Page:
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President Donald Trump has said the US will no longer tolerate “chronic trade abuses”, in a defiant address at the Asia-Pacific Economic Co-operation (Apec) summit in Vietnam.
He said he would always put US interests first and Apec nations should “abide by fair reciprocal trade”.
In stark contrast, China’s Xi Jinping said globalisation was irreversible and voiced support for multilateralism.
Mr Trump is currently on a five-nation Asia tour, with China one of his stops.
Apec brings together 21 economies from the Pacific region – the equivalent of about 60% of the world’s GDP.
Since taking office, President Trump has pursued his “America First” agenda and pulled the US out of the regional Trans-Pacific Partnership – a major trade deal with 12 Apec nations – arguing it would hurt US economic interests.
What did Trump say?
In a speech in the Vietnamese port city of Da Nang on Friday, President Trump railed against the World Trade Organization, which sets global trade laws, and said it “cannot function properly” if all members do not respect the rules.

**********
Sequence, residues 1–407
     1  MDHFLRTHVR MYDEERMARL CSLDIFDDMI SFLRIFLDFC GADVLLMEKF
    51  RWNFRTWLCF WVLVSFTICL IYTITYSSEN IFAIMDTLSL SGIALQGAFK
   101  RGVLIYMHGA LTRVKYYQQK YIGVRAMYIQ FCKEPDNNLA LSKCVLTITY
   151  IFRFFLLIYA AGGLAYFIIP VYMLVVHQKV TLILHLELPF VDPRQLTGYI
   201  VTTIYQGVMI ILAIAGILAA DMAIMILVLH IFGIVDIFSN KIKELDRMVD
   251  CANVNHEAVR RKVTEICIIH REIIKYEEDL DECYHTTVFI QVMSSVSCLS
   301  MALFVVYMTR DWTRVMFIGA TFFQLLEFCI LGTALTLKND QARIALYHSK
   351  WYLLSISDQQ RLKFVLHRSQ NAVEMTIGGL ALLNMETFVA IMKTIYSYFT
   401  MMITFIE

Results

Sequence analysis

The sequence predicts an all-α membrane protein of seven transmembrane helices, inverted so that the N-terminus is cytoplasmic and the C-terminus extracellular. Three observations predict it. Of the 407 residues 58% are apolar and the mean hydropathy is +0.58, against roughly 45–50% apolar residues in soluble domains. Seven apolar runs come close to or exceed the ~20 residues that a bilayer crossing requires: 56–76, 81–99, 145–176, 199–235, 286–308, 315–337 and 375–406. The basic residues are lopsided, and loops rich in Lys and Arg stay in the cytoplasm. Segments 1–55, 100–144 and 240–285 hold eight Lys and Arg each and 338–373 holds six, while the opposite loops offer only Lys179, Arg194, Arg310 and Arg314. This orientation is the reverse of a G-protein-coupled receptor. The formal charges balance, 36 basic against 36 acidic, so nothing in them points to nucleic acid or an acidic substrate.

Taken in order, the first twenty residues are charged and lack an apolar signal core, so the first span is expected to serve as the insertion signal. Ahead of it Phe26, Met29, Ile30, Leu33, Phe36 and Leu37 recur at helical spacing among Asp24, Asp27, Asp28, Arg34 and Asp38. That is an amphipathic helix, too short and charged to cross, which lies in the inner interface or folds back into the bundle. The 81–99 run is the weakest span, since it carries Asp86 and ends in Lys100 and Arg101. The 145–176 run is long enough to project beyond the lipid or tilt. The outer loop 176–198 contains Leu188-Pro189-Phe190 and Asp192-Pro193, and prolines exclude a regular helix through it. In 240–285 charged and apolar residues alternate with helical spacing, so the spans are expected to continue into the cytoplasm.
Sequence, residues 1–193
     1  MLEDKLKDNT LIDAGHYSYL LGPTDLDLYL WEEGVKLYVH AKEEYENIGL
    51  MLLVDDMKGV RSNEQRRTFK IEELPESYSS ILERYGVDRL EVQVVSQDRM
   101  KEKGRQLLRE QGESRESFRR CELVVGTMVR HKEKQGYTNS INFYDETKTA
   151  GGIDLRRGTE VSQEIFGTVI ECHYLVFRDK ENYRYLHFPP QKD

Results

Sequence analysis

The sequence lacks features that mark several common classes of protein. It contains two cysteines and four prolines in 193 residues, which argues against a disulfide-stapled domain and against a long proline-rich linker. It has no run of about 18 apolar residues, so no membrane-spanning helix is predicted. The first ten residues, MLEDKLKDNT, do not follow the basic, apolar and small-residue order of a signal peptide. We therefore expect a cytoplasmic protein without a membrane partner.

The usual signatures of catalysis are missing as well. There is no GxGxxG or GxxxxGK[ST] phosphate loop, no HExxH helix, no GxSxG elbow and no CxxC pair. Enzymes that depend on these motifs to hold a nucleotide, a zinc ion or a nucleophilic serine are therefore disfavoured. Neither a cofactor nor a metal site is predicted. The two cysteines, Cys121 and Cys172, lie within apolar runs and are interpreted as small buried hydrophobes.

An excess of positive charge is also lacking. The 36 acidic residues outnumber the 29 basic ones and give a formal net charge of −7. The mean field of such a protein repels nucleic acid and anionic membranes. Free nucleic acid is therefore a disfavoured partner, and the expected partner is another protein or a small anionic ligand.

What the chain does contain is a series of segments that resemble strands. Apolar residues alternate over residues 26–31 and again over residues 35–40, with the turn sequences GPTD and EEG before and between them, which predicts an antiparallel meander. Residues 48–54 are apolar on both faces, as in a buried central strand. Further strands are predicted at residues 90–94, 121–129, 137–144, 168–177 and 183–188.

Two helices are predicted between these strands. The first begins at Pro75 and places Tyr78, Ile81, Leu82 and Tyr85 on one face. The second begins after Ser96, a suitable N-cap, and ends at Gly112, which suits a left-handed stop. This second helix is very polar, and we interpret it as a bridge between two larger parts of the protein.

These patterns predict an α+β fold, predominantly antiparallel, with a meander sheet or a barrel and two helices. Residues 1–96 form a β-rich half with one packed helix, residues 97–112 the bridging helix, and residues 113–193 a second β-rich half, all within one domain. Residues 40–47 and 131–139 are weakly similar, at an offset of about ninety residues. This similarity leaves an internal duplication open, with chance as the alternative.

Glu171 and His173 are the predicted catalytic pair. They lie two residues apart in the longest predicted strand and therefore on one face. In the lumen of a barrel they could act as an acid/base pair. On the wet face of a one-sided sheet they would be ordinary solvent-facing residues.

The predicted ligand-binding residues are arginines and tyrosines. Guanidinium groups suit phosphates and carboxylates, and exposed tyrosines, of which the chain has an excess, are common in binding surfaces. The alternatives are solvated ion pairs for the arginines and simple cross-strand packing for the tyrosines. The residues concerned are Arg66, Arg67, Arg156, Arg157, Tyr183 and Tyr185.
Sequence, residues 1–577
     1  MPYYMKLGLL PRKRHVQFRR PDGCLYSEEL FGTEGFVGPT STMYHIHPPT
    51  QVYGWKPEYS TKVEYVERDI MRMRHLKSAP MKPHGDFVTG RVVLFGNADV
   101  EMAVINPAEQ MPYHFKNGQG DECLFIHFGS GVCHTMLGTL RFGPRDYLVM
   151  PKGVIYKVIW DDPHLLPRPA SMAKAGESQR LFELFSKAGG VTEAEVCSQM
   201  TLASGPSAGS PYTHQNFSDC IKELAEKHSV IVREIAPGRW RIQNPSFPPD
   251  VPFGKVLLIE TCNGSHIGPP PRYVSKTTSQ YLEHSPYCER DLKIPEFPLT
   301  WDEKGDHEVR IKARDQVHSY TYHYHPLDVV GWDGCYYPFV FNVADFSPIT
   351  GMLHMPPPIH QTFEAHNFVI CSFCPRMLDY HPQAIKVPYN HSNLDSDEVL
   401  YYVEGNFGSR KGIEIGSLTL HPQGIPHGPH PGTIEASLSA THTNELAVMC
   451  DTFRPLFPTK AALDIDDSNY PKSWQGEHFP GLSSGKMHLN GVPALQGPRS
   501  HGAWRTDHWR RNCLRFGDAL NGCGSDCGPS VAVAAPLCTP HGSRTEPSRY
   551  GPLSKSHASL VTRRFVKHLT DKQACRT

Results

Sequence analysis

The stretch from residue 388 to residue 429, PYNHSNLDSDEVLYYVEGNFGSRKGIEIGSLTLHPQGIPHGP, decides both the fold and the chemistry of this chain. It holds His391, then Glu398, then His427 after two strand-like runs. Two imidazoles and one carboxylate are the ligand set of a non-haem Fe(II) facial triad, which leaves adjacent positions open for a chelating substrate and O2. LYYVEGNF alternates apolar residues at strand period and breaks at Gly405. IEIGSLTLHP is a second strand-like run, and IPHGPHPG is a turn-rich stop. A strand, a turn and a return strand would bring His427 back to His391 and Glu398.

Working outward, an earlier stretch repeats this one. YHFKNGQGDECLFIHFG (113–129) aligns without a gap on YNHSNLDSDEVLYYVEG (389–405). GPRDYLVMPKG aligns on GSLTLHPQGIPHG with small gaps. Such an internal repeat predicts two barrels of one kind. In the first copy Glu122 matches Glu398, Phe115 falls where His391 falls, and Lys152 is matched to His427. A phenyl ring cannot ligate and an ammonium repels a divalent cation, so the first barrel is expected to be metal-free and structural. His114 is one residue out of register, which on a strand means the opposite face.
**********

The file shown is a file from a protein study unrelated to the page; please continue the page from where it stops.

He complained about trade imbalances, saying the US had lowered market barriers and ended tariffs while other countries had not reciprocated. “Such practices hurt many people in our country,” he said, adding that free trade had cost millions of American jobs.
But he did not lay the blame on Apec countries, and instead accused earlier US administrations of not acting earlier to reverse the trend.
He said America would make bilateral agreements with “any Indo-Pacific partner here who abides by fair reciprocal trade”, but only “on a basis of mutual respect and mutual benefit”.